### Abstract

We introduce a randomized iterative fragmentation procedure for finite metric spaces, which is guaranteed to result in a polynomially large subset that is D-equivalent to an ultrametric, where D ∈ (2,∞) is a prescribed target distortion. Since this procedure works for D arbitrarily close to the nonlinear Dvoretzky phase transition at distortion 2, we thus obtain a much simpler probabilistic proof of the main result of [3], answering a question from [12], and yielding the best known bounds in the nonlinear Dvoretzky theorem. Our method utilizes a sequence of random scales at which a given metric space is fragmented. As in many previous randomized arguments in embedding theory, these scales are chosen irrespective of the geometry of the metric space in question. We show that our bounds are sharp if one utilizes such a "scale-oblivious" fragmentation procedure.

Original language | English (US) |
---|---|

Pages (from-to) | 489-504 |

Number of pages | 16 |

Journal | Israel Journal of Mathematics |

Volume | 192 |

Issue number | 1 |

DOIs | |

State | Published - Dec 2012 |

### Fingerprint

### ASJC Scopus subject areas

- Mathematics(all)

### Cite this

*Israel Journal of Mathematics*,

*192*(1), 489-504. https://doi.org/10.1007/s11856-012-0039-7

**Scale-oblivious metric fragmentation and the nonlinear Dvoretzky theorem.** / Naor, Assaf; Tao, Terence.

Research output: Contribution to journal › Article

*Israel Journal of Mathematics*, vol. 192, no. 1, pp. 489-504. https://doi.org/10.1007/s11856-012-0039-7

}

TY - JOUR

T1 - Scale-oblivious metric fragmentation and the nonlinear Dvoretzky theorem

AU - Naor, Assaf

AU - Tao, Terence

PY - 2012/12

Y1 - 2012/12

N2 - We introduce a randomized iterative fragmentation procedure for finite metric spaces, which is guaranteed to result in a polynomially large subset that is D-equivalent to an ultrametric, where D ∈ (2,∞) is a prescribed target distortion. Since this procedure works for D arbitrarily close to the nonlinear Dvoretzky phase transition at distortion 2, we thus obtain a much simpler probabilistic proof of the main result of [3], answering a question from [12], and yielding the best known bounds in the nonlinear Dvoretzky theorem. Our method utilizes a sequence of random scales at which a given metric space is fragmented. As in many previous randomized arguments in embedding theory, these scales are chosen irrespective of the geometry of the metric space in question. We show that our bounds are sharp if one utilizes such a "scale-oblivious" fragmentation procedure.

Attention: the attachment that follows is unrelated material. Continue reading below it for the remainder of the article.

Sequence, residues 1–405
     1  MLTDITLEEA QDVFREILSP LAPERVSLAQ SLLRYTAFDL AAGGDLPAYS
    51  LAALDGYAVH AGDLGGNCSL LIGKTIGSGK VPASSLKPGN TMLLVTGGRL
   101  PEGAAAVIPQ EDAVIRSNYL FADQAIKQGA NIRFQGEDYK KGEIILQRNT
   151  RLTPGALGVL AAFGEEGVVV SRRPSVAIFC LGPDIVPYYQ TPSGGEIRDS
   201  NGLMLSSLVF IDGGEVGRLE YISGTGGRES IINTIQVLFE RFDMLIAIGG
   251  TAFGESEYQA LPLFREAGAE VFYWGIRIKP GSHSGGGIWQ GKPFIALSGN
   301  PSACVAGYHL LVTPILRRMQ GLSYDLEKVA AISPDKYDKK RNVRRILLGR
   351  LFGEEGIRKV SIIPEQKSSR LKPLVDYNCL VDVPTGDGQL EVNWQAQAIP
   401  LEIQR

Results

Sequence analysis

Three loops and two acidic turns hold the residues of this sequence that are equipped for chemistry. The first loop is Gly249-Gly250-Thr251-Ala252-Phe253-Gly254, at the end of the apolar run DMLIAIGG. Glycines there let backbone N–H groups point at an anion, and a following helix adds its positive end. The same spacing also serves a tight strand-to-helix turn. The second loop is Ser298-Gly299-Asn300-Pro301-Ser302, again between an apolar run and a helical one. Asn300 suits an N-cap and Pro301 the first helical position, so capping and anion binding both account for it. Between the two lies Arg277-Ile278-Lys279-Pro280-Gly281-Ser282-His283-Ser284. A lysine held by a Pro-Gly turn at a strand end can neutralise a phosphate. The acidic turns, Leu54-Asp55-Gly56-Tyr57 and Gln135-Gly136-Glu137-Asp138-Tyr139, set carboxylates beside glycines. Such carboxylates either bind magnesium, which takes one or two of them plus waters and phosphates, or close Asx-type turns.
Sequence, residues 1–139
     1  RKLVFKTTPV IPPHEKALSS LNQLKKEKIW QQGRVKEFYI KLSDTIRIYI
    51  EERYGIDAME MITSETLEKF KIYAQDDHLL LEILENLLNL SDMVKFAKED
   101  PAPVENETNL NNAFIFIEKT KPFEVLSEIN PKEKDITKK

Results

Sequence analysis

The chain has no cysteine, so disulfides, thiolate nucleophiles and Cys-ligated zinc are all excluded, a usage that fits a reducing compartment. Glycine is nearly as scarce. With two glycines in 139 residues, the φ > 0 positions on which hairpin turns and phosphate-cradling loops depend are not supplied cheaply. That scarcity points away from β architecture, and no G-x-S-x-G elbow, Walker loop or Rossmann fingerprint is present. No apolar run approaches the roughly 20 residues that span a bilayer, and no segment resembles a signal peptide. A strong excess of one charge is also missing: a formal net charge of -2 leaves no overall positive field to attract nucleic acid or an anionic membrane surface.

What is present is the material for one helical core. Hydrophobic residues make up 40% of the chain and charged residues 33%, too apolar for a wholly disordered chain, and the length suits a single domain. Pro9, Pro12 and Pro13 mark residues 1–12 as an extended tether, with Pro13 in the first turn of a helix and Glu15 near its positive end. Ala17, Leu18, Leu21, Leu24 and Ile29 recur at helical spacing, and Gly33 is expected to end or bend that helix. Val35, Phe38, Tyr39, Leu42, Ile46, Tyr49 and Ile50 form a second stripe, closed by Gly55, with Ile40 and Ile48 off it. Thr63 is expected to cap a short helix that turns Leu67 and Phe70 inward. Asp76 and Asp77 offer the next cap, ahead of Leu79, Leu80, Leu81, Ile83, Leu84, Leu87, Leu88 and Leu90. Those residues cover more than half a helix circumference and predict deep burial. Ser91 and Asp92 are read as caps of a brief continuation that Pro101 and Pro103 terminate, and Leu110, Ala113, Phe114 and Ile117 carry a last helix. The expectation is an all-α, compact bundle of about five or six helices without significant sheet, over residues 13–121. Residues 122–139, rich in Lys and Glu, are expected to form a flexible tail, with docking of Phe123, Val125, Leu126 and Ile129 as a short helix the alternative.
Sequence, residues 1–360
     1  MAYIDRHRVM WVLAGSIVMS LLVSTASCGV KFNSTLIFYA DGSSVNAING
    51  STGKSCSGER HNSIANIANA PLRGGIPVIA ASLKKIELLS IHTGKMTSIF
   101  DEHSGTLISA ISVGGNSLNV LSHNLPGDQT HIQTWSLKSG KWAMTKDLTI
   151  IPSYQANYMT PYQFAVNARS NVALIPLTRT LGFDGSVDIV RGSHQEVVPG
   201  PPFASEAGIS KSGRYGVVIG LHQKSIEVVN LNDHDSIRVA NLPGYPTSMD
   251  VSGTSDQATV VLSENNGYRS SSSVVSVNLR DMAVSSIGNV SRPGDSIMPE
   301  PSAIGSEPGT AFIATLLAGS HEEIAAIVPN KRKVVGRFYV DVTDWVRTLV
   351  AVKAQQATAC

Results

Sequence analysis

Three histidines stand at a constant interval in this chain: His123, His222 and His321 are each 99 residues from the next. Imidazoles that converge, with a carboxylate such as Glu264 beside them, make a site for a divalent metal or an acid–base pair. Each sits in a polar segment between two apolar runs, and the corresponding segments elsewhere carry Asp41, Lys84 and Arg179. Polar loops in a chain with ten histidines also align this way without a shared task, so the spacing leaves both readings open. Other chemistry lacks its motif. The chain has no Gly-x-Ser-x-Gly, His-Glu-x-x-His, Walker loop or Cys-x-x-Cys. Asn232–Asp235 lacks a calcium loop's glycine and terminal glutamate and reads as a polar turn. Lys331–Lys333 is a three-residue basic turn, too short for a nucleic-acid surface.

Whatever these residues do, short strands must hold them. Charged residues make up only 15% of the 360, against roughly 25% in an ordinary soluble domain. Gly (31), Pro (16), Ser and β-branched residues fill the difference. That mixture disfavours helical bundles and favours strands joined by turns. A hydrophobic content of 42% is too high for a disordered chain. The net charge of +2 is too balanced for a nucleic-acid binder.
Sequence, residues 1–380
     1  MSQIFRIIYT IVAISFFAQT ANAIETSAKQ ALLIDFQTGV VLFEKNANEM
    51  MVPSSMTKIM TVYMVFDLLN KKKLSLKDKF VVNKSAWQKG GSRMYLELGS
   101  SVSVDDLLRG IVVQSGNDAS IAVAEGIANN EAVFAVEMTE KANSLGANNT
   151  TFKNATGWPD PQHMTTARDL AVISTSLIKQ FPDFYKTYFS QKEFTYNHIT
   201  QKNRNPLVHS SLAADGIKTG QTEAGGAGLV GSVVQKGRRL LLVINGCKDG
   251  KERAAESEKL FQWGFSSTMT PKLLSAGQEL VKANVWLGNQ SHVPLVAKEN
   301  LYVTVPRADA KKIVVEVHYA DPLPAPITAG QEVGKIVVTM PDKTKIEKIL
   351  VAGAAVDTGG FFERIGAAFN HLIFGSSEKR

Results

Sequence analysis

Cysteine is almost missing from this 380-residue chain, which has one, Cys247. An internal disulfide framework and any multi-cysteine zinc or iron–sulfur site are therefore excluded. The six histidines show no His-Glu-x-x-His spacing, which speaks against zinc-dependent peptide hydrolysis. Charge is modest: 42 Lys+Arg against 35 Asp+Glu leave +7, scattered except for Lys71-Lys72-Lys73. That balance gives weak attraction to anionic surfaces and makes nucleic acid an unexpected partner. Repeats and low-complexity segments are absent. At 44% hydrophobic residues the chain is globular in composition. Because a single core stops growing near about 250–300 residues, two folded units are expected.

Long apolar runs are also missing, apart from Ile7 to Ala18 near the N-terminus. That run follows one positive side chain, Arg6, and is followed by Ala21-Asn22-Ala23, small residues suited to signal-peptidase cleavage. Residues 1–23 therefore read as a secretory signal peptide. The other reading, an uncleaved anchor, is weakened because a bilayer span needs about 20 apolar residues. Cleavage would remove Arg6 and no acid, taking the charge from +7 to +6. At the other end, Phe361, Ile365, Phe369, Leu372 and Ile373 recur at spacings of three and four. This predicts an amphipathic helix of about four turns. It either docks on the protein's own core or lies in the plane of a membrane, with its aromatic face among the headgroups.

AB - We introduce a randomized iterative fragmentation procedure for finite metric spaces, which is guaranteed to result in a polynomially large subset that is D-equivalent to an ultrametric, where D ∈ (2,∞) is a prescribed target distortion. Since this procedure works for D arbitrarily close to the nonlinear Dvoretzky phase transition at distortion 2, we thus obtain a much simpler probabilistic proof of the main result of [3], answering a question from [12], and yielding the best known bounds in the nonlinear Dvoretzky theorem. Our method utilizes a sequence of random scales at which a given metric space is fragmented. As in many previous randomized arguments in embedding theory, these scales are chosen irrespective of the geometry of the metric space in question. We show that our bounds are sharp if one utilizes such a "scale-oblivious" fragmentation procedure.

UR - http://www.scopus.com/inward/record.url?scp=84871740206&partnerID=8YFLogxK

UR - http://www.scopus.com/inward/citedby.url?scp=84871740206&partnerID=8YFLogxK

U2 - 10.1007/s11856-012-0039-7

DO - 10.1007/s11856-012-0039-7

M3 - Article

VL - 192

SP - 489

EP - 504

JO - Israel Journal of Mathematics

JF - Israel Journal of Mathematics

SN - 0021-2172

IS - 1

ER -